Throughout the mid 1990s, Mohamed Mahmoud was a street that carried so many good memories for me and perhaps other students of the American University in Cairo who would cross this street several times per day trotting from one campus to the other, stopping by El Kady to get the occasional chocolate bar or odd stationeries.
A dramatic fast-forward takes us to 19 November 2011, when this street reached unfortunate prominence on a whole new level. For over six days, Egypt’s riot police and the Egyptian Central Security Forces faced off with protestors in the now famed street. More than 40 people were killed and over 3,000 injured in what became one of the most violent clashes since the 18 day protests that toppled President Mubarak.
Now as we look back at the events that unfolded on this street, many voices are bent on commemorating the Mohamed Mahmoud day. But while people act all-knowing of what exactly transpired during the two episodes of the Mohamed Mahmoud clashes, the fact remains that no one could tell with certainty what exactly occurred.
The protests started after the security forces disbanded a rally organised by families of those who perished or were injured in the 25 January events. As with any public gatherings in recent Egyptian memory, the situation has degenerated quickly, leading to violent clashes. Paradoxically, these clashes happened against the backdrop of the parliamentary elections, hailed as the first of its kind in the country’s history. Yet again, if one was to analyse for a moment and ask few successive Why’s, we will soon reach a dead end. The same could be said of few other events. Why did people have to die in Maspero, the cabinet, Abbaseya, and the Port Said Stadium? Several people will respond to those questions by firing accusations laced with high adrenaline and emotions, but the complete truth remains elusive.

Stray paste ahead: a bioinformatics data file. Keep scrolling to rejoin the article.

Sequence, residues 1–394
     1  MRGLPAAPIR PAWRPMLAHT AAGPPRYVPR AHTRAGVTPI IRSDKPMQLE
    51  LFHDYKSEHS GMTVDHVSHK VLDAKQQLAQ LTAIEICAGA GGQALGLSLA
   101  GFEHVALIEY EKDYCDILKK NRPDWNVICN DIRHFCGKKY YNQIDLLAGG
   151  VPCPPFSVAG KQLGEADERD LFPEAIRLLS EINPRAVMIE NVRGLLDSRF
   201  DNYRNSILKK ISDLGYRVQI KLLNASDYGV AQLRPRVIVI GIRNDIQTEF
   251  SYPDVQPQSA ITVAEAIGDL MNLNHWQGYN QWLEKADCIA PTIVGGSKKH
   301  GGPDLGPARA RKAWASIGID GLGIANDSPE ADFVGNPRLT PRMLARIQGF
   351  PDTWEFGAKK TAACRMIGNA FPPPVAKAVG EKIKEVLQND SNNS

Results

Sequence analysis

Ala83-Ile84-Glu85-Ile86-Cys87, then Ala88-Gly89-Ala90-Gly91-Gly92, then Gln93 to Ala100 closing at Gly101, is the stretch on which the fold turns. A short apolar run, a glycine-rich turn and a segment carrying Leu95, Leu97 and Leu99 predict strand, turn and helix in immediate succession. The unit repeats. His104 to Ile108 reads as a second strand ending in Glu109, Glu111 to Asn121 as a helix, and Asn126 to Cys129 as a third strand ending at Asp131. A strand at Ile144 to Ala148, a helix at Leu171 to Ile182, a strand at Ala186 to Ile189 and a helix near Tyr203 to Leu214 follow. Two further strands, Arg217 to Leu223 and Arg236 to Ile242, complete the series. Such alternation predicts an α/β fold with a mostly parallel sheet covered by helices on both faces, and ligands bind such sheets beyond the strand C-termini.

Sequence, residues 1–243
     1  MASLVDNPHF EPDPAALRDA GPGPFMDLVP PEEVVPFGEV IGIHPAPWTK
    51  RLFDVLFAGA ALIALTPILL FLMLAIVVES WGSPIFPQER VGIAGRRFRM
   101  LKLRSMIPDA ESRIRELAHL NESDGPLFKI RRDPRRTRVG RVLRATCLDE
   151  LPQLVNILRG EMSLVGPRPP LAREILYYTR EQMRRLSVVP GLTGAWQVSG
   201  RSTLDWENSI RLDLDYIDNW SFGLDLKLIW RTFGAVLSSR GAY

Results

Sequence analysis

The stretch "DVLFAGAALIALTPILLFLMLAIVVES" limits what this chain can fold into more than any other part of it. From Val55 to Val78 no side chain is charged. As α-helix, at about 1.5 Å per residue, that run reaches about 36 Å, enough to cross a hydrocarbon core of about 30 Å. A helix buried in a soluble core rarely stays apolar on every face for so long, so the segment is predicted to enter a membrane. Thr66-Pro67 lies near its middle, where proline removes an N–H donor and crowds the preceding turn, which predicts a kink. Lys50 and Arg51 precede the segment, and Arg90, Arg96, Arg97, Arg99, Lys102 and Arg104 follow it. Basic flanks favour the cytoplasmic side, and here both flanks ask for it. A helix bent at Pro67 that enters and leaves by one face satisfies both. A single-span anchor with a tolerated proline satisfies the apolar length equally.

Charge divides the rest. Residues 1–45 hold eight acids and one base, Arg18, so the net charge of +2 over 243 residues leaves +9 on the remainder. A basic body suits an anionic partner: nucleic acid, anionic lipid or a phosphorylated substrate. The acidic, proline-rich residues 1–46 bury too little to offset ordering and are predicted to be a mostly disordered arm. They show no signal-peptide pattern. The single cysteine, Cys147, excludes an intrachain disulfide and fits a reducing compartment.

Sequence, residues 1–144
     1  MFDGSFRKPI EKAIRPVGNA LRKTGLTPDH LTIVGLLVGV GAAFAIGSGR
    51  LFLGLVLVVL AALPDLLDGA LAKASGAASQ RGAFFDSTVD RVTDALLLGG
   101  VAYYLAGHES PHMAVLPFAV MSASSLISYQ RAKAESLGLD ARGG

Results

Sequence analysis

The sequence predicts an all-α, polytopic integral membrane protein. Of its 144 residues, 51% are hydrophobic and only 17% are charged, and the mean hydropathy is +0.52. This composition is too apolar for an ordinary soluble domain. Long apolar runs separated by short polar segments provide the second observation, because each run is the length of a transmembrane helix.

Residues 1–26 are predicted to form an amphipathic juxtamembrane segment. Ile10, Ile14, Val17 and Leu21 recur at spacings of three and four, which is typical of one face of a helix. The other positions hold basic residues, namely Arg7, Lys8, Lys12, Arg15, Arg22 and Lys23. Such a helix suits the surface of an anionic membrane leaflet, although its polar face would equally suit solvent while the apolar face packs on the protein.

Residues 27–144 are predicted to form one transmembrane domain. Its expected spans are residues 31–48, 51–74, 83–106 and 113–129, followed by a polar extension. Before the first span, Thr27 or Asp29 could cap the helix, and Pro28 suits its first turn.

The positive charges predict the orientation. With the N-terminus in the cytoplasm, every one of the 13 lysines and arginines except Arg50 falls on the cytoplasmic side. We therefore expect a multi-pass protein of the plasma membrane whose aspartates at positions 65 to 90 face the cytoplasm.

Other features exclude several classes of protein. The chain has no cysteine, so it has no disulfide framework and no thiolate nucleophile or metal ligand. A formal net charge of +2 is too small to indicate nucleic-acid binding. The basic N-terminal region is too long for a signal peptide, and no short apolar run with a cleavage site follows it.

However, as the Mohamed Mahmoud day comes upon us we remain reminded of few simple facts:
– How fragile this country is, with any rally or sit-in potentially turning deadly in a split second.
– How reasons for insinuating a situation can soon be drowned amidst the heat of dealing with the aftermath that ensues.
– How inapt and deadly is the security forces response to any riots.
– How cheap life remains in this country.
I am not sure we should be keen on commemorating an event which we do not understand fully. In doing so, we develop an acceptance that it is OK for people to die on the streets with no justification. We accept those catastrophes to pass and be forgotten.
As Mohamed Mahmoud comes upon us, one hopes that we won’t continue politicising the cause by a dull sit-in or marches attempting to hijack the event. Out of respect to those who perished we must, for once, hold ourselves accountable to find out what happened and why it happened. Alas, the idiom “get away with murder” has become an everyday reality.